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text 2017-06-01 16:51
June TBR: Small Bear Press Month
Tyrannia: and Other Renditions - Alan DeNiro
North American Lake Monsters: Stories - Nathan Ballingrud
The Monkey's Wedding and Other Stories - Lizza Aiken,Joan Aiken
The Liminal People - Ayize Jama-Everett
The Fires Beneath the Sea - Lydia Millet
Fire Logic - Laurie J. Marks
Couch by Benjamin Parzybok (2008-11-01) - Benjamin Parzybok
After the Apocalypse - Maureen F. McHugh
The Child Garden: A Novel - Catriona McPherson
A Stranger in Olondria - Sofia Samatar

Last year I got a Humble Bundle of Small Bear Press books that I archived and never got to, so I'm dedicating June to at least testing out some of them. I read one last year called Stranger Things Happen that a lot of people seem to like but I hated it. A lot of these look good though. They seem really creative so I'm holding out hope. Once I finish Dragondawn, I will tackle this pile and see where it leads.

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review 2017-01-22 20:37
A Stranger in Olondria by Sofia Samatar
A Stranger in Olondria - Sofia Samatar

Beautiful, slow-paced, sad. Linear storytelling makes it a more accessible starting point than The Winged Histories.

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review 2016-11-06 00:00
A Stranger in Olondria
A Stranger in Olondria - Sofia Samatar,Josh Hurley I enjoyed this much more on audiobook than I would have as a paper book, I think. I suspect I would have gotten bored and wandered off pretty early in, and spent far too much time looking things up in the dictionary. As it stands, I enjoyed (for the most part) listening to the overly-elaborate language flow over me, and enjoyed the story when it happened to occur.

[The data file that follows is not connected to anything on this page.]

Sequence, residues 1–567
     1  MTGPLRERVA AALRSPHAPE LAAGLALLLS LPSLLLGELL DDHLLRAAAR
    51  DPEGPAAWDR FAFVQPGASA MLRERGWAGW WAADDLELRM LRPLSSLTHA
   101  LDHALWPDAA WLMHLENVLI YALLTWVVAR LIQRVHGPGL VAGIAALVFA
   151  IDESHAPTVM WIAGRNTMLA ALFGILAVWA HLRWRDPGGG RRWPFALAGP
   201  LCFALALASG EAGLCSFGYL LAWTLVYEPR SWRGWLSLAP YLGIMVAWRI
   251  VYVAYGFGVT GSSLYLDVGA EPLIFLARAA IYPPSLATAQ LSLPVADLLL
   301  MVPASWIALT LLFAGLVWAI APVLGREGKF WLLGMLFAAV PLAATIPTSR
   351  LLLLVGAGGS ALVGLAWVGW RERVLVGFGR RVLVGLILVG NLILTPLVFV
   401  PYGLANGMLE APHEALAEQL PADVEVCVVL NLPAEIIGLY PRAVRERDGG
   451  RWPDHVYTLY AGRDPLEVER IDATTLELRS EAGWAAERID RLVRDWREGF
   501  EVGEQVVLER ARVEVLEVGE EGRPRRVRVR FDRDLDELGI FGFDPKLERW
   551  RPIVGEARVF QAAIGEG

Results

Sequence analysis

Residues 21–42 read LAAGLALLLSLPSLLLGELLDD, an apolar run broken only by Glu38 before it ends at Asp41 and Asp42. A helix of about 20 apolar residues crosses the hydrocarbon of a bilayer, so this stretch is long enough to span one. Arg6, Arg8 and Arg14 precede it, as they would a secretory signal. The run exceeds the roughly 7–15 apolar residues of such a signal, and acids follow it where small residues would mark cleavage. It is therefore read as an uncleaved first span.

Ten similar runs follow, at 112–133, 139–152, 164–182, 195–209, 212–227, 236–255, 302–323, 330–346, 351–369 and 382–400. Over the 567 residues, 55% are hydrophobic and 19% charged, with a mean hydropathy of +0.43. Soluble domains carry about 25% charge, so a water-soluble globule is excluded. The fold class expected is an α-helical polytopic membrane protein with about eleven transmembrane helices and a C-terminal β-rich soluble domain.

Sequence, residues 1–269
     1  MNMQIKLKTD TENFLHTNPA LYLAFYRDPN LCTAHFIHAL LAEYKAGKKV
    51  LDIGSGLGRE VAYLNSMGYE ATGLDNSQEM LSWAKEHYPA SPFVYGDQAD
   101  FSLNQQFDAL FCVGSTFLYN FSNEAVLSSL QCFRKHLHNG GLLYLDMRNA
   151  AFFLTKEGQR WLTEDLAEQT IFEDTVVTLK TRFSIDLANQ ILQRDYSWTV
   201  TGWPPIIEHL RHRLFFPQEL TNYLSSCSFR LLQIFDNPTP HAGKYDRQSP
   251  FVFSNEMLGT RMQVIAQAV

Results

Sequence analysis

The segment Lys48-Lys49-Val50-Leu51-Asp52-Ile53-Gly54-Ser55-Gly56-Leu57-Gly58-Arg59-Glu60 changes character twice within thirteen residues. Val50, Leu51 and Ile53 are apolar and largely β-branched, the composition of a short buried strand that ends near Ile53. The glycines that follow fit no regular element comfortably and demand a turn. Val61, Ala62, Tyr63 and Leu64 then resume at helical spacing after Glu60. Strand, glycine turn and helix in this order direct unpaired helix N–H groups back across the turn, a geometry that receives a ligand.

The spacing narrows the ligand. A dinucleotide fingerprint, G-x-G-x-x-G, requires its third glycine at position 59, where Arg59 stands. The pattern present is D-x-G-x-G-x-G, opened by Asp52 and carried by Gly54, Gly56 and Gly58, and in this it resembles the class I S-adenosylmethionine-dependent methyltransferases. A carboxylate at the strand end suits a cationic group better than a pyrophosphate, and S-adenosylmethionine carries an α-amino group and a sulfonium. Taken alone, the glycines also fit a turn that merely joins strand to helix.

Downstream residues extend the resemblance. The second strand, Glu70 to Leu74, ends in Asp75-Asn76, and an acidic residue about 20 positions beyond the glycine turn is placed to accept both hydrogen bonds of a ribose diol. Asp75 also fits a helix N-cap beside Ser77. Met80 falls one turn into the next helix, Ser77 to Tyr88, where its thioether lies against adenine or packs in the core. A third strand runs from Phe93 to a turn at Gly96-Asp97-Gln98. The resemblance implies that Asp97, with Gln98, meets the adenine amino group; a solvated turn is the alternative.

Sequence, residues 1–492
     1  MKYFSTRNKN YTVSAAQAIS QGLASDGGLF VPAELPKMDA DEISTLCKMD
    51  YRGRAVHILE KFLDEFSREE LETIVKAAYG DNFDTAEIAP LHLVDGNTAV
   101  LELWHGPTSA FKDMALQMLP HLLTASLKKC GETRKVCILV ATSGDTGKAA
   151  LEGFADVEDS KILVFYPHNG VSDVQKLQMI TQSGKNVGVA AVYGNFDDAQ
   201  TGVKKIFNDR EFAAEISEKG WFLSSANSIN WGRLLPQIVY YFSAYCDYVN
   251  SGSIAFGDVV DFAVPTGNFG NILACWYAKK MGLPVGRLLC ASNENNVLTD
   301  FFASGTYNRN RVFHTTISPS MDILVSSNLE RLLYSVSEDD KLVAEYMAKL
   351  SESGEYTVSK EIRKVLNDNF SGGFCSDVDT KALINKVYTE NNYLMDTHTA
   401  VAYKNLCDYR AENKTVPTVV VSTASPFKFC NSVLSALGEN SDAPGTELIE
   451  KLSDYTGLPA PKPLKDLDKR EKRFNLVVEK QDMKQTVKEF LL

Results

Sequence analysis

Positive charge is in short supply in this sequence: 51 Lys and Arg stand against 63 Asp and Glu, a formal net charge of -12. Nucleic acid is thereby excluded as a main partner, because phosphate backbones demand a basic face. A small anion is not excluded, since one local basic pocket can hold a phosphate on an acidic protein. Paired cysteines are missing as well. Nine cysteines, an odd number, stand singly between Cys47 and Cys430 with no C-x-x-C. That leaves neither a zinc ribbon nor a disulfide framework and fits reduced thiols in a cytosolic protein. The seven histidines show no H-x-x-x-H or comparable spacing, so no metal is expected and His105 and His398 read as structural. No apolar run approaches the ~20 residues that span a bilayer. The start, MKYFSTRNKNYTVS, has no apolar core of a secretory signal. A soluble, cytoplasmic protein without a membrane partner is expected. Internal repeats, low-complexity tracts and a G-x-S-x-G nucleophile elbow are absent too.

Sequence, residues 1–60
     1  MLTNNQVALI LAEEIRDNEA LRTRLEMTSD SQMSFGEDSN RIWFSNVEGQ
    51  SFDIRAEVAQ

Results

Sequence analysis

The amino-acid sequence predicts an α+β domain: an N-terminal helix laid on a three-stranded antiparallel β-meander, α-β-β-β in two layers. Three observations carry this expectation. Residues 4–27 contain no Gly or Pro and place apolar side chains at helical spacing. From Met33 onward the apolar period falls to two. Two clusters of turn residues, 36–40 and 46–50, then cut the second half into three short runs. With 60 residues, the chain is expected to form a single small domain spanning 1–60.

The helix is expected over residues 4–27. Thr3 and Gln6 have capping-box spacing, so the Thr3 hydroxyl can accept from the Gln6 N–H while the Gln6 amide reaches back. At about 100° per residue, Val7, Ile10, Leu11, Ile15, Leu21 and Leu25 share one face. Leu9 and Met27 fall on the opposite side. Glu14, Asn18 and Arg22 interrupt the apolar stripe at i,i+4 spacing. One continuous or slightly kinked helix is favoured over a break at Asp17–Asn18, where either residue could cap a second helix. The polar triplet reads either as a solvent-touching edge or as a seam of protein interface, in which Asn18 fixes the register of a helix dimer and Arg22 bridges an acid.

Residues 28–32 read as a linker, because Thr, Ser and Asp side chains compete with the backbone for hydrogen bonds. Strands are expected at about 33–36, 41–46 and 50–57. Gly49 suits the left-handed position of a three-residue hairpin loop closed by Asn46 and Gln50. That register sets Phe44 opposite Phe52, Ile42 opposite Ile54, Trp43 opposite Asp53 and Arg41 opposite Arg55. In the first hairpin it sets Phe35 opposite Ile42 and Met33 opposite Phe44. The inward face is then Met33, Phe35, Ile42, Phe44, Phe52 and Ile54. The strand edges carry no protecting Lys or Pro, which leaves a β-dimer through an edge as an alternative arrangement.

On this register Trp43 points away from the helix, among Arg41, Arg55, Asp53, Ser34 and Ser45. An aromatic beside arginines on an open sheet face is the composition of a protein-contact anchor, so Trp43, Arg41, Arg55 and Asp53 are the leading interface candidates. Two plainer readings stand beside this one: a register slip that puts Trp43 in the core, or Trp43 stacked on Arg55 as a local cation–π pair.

It was not a fast-paced book, but I enjoyed the setting, and the religious conflict that the narrator inadvertently ended up in the middle of was interesting, if slightly depressing. I found the ghost character almost entirely unsympathetic, which was fine, she didn't have to be likeable, but the narrator mooning over her half the book was a bit much given how horrible she was to everyone, by her own admission. On the other hand, the narrator was at end-of-Gulliver's-Travels levels of detached from reality at that point.

The frequent tangents into local mythology/folk lore/poetry were better than such thing often are, although the whole story did sound very samey, instead of a plethora of voices as one would expect from that. King James translation of what was actually going on, maybe; the narrator never could resist a ten-cent word. Having different narrators, or even one for the story sections would have helped.